North Shore Rescue saved 8 people over long weekend

North Shore News

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file photo North Shore News

Members of North Shore Rescue marked Queen Victoria’s birthday by rescuing some of her subjects from Crown land.

The team was called out three times over the long weekend, as sunshine and warm weather drew out plenty of inexperienced hikers, according to Mike Danks, North Shore Rescue team leader.

The first rescue mission was carried out on Saturday afternoon, when four people attempting to reach the first pump of Mount Seymour wound up off trail, heading west into the ominously named Suicide Creek. Luckily, they were able to get cellphone reception and call 911. Clear conditions meant the team could easily spot them from a helicopter and airlift them out.

The next rescue subject, however, was in much deeper trouble.

On Monday afternoon, a woman slipped on steep terrain about six kilometres up the Lynn Headwaters Trail and sustained an ankle injury that made it impossible for her to get out on her own.

“There were two other people with her who were trying to assist her out but they were not any to make any headway with her at all. Her ankle was pretty bad,” Danks said.

But calling for help wasn’t an option. Once you enter the Lynn Headwaters, there is no cell service Danks warned – “right from the trailhead all the way up past Norvan and into the Hanes Valley.”

One of the woman’s friends had to run six kilometres back to the trailhead to alert parks staff who then called 911. North Shore Rescue volunteers arrived in a Talon helicopter rigged with long-line harness to bring the woman back to a waiting ambulance before darkness set in.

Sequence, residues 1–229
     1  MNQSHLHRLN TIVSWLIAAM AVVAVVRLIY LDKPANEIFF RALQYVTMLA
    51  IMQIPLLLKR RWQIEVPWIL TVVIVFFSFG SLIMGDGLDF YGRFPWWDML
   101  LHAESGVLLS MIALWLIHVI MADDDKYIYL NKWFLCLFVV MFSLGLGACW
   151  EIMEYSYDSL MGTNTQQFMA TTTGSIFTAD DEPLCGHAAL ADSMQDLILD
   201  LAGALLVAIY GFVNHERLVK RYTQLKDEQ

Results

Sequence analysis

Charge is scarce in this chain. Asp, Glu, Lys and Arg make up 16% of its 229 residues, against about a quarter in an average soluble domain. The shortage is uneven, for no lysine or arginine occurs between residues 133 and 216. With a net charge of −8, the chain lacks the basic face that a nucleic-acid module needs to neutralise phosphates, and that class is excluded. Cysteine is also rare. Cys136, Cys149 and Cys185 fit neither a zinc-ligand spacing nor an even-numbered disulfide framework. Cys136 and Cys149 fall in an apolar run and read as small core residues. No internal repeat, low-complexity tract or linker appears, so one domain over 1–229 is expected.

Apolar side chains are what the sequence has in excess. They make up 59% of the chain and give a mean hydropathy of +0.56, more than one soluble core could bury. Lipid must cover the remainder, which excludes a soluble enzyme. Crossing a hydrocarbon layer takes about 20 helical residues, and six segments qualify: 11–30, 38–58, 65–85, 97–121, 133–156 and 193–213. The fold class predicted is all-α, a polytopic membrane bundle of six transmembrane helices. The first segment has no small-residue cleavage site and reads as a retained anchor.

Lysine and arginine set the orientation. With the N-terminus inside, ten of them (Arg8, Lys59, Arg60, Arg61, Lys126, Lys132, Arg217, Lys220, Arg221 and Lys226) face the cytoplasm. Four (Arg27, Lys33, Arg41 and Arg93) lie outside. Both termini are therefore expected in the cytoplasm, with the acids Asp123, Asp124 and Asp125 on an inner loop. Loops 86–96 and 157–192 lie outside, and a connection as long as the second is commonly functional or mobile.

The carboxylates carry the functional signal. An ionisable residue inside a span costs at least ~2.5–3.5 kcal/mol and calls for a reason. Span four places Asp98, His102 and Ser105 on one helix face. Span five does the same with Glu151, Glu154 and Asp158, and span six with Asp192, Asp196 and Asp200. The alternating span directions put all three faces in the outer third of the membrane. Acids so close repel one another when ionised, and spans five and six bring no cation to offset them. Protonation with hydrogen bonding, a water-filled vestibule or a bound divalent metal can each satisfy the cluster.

Before the call had wrapped, North Shore Rescue had to dispatch another field team to escort a group of men who lost their way on the Baden Powell Trail near Larson Creek in West Vancouver.

In each of the cases, the hikers were inexperienced or taking on a trail above their skill level, Danks said.

Anyone venturing into Lynn Headwaters Regional Park should be aware that it can be a difficult place for rescuers to reach, even in ideal conditions.

“If this was a significant injury that required immediate medical attention, there would be a huge delay,” Danks said. “It makes a tremendous difference if we’re able to fly. If we looked at these calls in bad weather, it would be a totally different story.”

Danks recommends carrying a satellite phone or GPS beacon in areas with spotty or no cell coverage but at the very least, people in Lynn Headwaters should make sure they’ve let someone at home know where they’re going and when to expect them back.

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